Many faculties of medical universities and colleges are short of students majoring in forensic science, surgery and psychiatry, even though the number of newly-established medical facilities has doubled in recent years.
A survey on community-based medical workers, nurses and bachelors of health conducted at 11 universities and 6 colleges shows that the country now has 6.5 doctors for every 10,000 people but they are distributed unevenly, 60 percent of them based mostly in urban areas which account for only 28.4 percent of the total population.
In the mean time, only 25 percent of trainees have higher education qualifications.
The Minister of Health, Nguyen Thi Kim Tien, states that there remain gaps in the staff and limitation that requires the healthcare sector to fill in as soon as possible.
The Director of the Hanoi Healthcare Department, Nguyen Khac Hien, says they badly need qualified personnel to develop the local healthcare sector in the next ten years, and beyond.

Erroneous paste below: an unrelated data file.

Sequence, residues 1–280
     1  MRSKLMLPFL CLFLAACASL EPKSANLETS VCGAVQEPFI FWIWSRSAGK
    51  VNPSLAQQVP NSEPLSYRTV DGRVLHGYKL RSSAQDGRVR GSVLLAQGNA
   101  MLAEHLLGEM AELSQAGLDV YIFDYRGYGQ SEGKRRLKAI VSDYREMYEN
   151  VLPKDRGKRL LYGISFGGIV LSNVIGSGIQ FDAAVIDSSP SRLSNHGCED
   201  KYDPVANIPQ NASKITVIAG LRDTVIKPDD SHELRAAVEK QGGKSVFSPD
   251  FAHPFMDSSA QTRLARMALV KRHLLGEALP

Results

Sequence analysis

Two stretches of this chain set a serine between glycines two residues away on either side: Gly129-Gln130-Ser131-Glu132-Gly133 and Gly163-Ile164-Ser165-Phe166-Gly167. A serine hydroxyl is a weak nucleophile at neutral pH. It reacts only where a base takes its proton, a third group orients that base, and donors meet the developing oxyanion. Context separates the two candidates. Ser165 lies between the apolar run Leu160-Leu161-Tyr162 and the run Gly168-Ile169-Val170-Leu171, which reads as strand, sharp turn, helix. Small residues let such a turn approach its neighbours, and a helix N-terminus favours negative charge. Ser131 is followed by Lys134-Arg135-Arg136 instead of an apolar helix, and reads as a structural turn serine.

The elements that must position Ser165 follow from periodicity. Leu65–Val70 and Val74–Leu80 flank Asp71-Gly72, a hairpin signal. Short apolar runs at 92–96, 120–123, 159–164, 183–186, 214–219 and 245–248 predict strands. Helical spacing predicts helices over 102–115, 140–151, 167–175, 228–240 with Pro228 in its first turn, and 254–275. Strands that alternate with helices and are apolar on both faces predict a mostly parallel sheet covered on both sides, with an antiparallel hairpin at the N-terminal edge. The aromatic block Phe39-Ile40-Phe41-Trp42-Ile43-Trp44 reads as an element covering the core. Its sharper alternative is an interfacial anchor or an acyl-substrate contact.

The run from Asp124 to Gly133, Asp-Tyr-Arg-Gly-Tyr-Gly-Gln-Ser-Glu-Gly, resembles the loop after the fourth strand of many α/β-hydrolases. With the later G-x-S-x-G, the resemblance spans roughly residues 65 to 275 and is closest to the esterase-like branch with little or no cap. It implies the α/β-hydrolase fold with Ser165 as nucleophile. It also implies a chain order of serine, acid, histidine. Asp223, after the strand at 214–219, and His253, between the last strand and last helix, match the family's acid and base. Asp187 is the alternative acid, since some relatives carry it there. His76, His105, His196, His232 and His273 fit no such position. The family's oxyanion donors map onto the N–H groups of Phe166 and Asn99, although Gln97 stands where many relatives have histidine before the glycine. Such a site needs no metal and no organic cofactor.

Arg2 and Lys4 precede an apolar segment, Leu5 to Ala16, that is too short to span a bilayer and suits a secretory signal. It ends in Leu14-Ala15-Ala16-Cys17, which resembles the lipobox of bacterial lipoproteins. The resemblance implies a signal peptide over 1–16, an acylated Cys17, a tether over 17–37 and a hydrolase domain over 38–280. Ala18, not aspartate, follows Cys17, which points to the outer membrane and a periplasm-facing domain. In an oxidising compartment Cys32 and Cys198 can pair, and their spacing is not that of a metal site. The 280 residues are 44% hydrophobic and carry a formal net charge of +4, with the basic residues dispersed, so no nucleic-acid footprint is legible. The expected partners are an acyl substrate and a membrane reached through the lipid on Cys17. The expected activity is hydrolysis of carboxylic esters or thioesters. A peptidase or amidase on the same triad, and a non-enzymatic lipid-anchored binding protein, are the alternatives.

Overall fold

Under a master plan for the 2011-2020 period adopted by the Hanoi municipal People’s Council, Hanoi will build 25 public hospitals with a total of 8,850 beds, a traditional medicine hospital, three first-aid hospitals and 9 satellite first-aid stations and needs as many as 18,000 medical workers including 4,000 doctors and 1,000 pharmacists.
This is a hard nut for Hanoi to crack as many hospitals in the outlying districts are already understaffed.
Minister of Health Tien says some medical universities only focus on training students as they wish without caring about real social demands so it is imperative to work out a clear strategy as well as a roadmap for the healthcare sector to improve the quality of its staff to regional and international standards.
Hien says the Hanoi Healthcare Department is trying its best to attract more doctors, medical practitioners and students after graduation for suburban hospitals.
There is a plan to upgrade 5 to 6 secondary-level medical schools and two colleges and use medical workers from central hospitals based in the capital to do extra work when need be.
Target for medical resources by 2020:
– 8 doctors for every 10,000 people by 2015 and 12 for every 10,000 by 2020
– 1.5 pharmacists for every 10,000 people by 2015 and 2 for every 10,000 by 2020
– 20 nurses for every 10,000 people by 2015 and 25 for every 10,000 by 2020.